“Too Pretty For That…”

Juno Temple as ‘Queen Anne’ (aka “Anne of Austria”) in “The Three Musketeers”When I first read that Juno Temple was up for a role in Paul W. S. Anderson’s adaptation of The Three Musketeers (2011), I crossed my fingers in the hope that she’d be playing a gender-swapped, cross-dressing D’Artagnan.* That didn’t happen, of course… in reality, she was cast as the teenaged Queen Anne (aka “Anne of Austria”), who may or may not have had an affair with the dashing ‘Duke of Buckingham’ (Orlando Bloom), depending on how much stock you put in innuendo. Either way, she got a few good scenes here, and it was fun to see her facing off against Christoph Waltz’s Cardinal Richelieu, even if she didn’t have a sword in her hand at the time.

Sadly, several of her best lines were cut, and only appear in the DVD’s deleted/extended scenes… which wouldn’t be quite so galling, if James Corden didn’t get so much screentime as the Musketeers’ intensely irritating “comic relief” servant. Feh. As compensation, there is a lot of love for the actress on the commentary track, with veteran producer Jeremy Bolt telling an amusing anecdote about how a five-year-old Juno had slapped him with a stick when he went to inform her father (director Julien Temple) that he hadn’t been able to raise all the money they needed for the film he was working on! Bless. Fun fact: Anne’s lady-in-waiting was played by Gabriella Wilde, while her husband (King Louis XIII) was played by Freddie Fox… both of whom appeared in St Trinian’s 2: The Legend of Fritton’s Gold, along with you-know-who.

Milla Jovovich as ‘Milady de Winter’ in “The Three Musketeers”Meanwhile, Anderson first met Juno while she was filming Dirty Girl with his badass wife/baby-mama, Milla Jovovich… who is cast here as the devious, death-defying ‘Milady de Winter’, and given several awesome action sequences to compensate for the girly ringlets and tight corsets she had to wear. In fact, Jovovich would probably be my MVP of the movie… although she obviously has a “home turf” advantage, and could probably play this sort of character in her sleep by now, that doesn’t make it any less exciting to watch her work!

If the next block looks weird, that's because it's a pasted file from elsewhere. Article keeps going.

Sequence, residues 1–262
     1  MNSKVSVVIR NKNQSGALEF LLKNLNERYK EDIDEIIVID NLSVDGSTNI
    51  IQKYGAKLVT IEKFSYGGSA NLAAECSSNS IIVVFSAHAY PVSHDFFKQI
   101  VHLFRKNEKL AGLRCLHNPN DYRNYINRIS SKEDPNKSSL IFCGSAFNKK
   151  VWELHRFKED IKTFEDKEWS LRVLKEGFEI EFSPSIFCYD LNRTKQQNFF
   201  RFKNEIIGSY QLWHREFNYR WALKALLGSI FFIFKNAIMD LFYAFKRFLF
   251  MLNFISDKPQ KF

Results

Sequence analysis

The same could probably be said for the movie itself… a lot of the plot elements are familiar from countless previous adaptations, and a few lines seem to have been stolen from other (better?) films, but there was more than enough energy and humour to make the story seem fresh and thrilling all over again. Anderson may not be the most critically acclaimed director in the business, but dude knows how to make a rollicking, swashbuckling crowd-pleaser… and, as far as period-films-starring-a-moustachioed-Matthew-Macfadyen go, I’d take this over Anna Karenina any day of the week!


* There have been two films made about D’Artagnan’s daughter following her father into the musketeering business: A TV-movie called La Femme Musketeer (2004), starring Susie Amy, which I’m pretty sure I’ve seen, but can’t remember a damn thing about (which isn’t a great sign, is it?)… and D’Artagnan’s Daughter (aka Revenge of the Musketeers or La fille de d’Artagnan) (1994), starring Sophie Marceau, which sounds like a definite must-see.

About Dee CrowSeer

A comic book writer with an interest in feminism, philosophy, and affirmative action. He/him.
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